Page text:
Grand Finale: Baume & Mercier Clifton Baumatic
1 March, 2021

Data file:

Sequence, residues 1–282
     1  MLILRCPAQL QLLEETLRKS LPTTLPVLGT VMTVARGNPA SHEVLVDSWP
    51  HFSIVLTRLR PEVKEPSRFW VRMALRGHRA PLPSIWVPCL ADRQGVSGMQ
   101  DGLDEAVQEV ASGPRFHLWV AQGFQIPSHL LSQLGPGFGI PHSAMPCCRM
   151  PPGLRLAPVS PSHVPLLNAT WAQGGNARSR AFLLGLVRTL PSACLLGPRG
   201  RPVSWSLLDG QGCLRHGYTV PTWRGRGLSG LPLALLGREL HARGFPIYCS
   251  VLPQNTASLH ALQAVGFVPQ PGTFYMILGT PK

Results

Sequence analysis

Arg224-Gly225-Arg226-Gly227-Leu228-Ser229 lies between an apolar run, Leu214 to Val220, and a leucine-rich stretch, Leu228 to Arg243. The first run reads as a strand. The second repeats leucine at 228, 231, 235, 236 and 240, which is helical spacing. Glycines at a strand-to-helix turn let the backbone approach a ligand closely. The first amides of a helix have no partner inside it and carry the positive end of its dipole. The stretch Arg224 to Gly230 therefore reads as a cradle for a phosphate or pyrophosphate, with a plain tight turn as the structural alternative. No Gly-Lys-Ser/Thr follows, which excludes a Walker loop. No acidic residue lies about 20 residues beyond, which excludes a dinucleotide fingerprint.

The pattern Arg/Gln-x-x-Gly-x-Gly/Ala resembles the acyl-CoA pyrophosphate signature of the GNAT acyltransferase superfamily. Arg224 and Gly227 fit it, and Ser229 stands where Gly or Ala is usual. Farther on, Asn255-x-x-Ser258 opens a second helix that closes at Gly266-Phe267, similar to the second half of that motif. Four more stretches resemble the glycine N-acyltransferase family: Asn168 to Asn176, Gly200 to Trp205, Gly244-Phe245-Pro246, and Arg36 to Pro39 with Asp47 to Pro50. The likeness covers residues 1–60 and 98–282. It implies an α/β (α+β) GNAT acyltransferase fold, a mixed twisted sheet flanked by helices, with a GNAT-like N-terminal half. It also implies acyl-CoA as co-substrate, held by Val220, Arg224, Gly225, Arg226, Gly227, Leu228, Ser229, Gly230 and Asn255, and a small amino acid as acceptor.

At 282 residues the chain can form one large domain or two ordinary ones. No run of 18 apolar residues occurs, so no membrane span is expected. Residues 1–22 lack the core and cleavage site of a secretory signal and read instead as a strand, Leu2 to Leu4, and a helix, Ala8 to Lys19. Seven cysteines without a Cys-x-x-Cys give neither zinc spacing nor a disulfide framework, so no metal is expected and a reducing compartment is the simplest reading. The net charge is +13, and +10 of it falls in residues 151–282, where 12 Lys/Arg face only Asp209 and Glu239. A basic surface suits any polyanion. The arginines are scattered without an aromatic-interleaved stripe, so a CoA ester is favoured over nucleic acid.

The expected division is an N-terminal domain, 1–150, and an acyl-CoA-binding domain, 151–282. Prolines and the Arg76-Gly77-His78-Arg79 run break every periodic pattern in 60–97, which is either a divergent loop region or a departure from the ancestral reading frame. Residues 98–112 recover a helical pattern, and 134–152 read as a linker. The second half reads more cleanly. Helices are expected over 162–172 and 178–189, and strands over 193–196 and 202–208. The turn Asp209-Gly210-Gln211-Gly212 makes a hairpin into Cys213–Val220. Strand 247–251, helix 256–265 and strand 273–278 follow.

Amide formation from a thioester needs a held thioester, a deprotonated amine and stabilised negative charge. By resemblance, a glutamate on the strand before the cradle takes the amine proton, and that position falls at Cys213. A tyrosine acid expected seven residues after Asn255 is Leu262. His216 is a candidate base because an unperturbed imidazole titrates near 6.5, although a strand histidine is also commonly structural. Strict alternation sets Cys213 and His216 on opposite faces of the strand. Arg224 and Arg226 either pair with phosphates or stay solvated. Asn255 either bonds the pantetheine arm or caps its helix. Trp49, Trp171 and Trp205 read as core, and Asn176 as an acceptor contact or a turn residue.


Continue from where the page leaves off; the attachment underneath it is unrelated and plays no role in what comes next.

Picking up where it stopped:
Baume & Mercier's Clifton Baumatic is the first watch powered by the brand's in-house movement with a five-day power reserve, chronometer precision, magnetic protection and extended service intervals – all at an affordable price. We put it to our test. When you look at automatic Caliber BM12-1975A that powers the Clifton Baumatic, the first thing you notice is the spring that secures the vibrating balance wheel, shaped like the Greek letter "phi". Baume & Mercier has used this letter of the Greek alphabet to symbolize the brand since 1964, more than 130 years after its founding in 1830. Baume & Mercier sees the golden ratio, which is symbolized by phi, as a match between an innovative watch mechanism and affordability as embodied by the Baumatic. From the start, the phi symbol marked the design concept for the in-house mechanical movement that Baume & Mercier had been planning for many years. But only with the increase in capacity provided by movement manufacturer Val Fleurier (founded in 2005) and the establishment of the Richemont Research and Innovation Center (which was integrated in the innovation hub Microcity Neuchatel in 2017), were the prerequisites met that allowed the company to create a high-performance watch movement at a competitive price. For this movement, four quality criteria were placed center stage: excellent accuracy in different positions and over an extended period of time (i.e., a long power reserve), magnetic resistance for everyday use and durability. When viewing the movement through the Baumatic's screw-down sapphire caseback, you see the balance wheel and the compact bridges that cover a majority of the caliber, giving it a sturdy and solid impression. But the 4-Hz vibrating balance wheel doesn't fully reveal the amazing innovations in the new BM12-1975A movement. The hairspring and escapement (lever and escape wheel) are hardly visible to the naked eye. Every component is made of silicon, the first combination of this kind developed in the Richemont group. The escapement components produced using the so-called Powerscape technology have a complex geometry that used genetic algorithms in their development. The new, optimized escapement results in less friction loss and an improved transfer of torque, which increases the power reserve of the caliber by more than 30 percent over other standard movements. An additional one-third increase in performance comes from the hairspring, which is equipped with Twinspir technology. Its composite structure is made of two silicon layers set at a 45-degree angle and an intermediate silicon layer that plays an important role in temperature compensation. This hairspring is also three times lighter than a conventional hairspring, corrosion resistant and less sensitive to impacts, vibration and magnetic fields. In a series of repeated tests, in which we subjected the Baumatic to magnetic fields of about 1,000 gauss for extended periods of time, we saw that its rate varied during the tests and the amplitudes fell. When these results were extrapolated, the result was a loss of about 1 minute over the course of a day. But once the watch was removed from the magnetic field, it quickly returned to its original rate, with no need for demagnetization. With this magnetic field resistance, the Baumatic can resist the magnetic fields we come in contact with every day, such as magnetic purse and bag fasteners, cellphone and tablet cases, loudspeakers and other such devices. It is many times higher than the anti-magnetic standards specified for watches and provides more comfort than a soft-iron case. Baume & Mercier's goal is to achieve magnetic field resistance that is relevant for everyday use. The movement's silicon hairspring is attached to a newly designed balance wheel with variable inertia that is adjusted with four weights. Both the technology and the adjustment allow the caliber to adhere to the chronometer level of accuracy. It showed remarkable consistency between the individual positions as well as over its long running time of five days. The amplitudes fell gradually, but never below the critical level of 200 degrees. The rate difference between the individual positions was never more than 5 seconds and the watch showed a remarkable average rate, even on the fifth day. The watch was stopped at 120 hours. An advantage of the long and reliable power reserve is naturally that the Baumatic can be set aside over a long weekend with confidence, knowing it will need no resetting or manual rewinding. Once it's back on the wrist, the oscillating weight powers the dual self-winding mechanism - also a new design from Richemont, which will benefit other brands in the group such as IWC in its new in-house movement series 69000. Only a single barrel is needed for the entire five-day power reserve, powered either by the skeletonized wolfram rotor of the automatic mechanism or via the very smoothly operating crown. This contributes to another third in the increased performance. Its dimensions were optimized during the design process to ensure that the number of conventional coils did not need to be increased. The mainspring is made of the high-tech material Nivaflex Plus. The fact that Baume & Mercier can extend the service intervals for the Clifton Baumatic is due in part to three Richemont synthesized oils and a lubricant from the aviation industry. The manufacturer's laboratory reports simulation tests of more than 10 years of wear. Even the high-quality French alligator strap will not survive daily use for this long, and a quick release system makes it simple to replace a worn strap. Small pins release the spring bars between the lugs to easily put on a new strap or bracelet. For different thicknesses and pins, there are two sets of holes in the lugs, which slope downward for a comfortable fit on the wrist. The pronged buckle on the strap is well suited to the overall unpretentious look of the Clifton Baumatic. The polished and brushed-finish surfaces on the case add to the dignified impression. A domed and anti-glare sapphire crystal seals the top, beneath which it is easy to read the time – despite an array of facets on the applied markers and lancet-shaped hands – but only during the daylight hours. There is no luminous coating on the gleaming white dial and its porcelain-like finish. The relatively large date display at 3 o'clock is easy to see. The chronometer-certified version of the Clifton Baumatic features a delicate cross-hair design on the dial that appears to highlight the excellent precision of this new timepiece. It is available in several versions, with and without chronometer certification (and then without the cross-hair design and chronometer imprint on the dial, and costing $240 less). Good value and a modern movement place the Clifton Baumatic in the range of attractive options for younger buyers who have an eye on the future. Functionality is the priority here, with a generous dose of tradition. Clearly, the Greek letter phi no longer has exclusive rights to symbolize antiquity.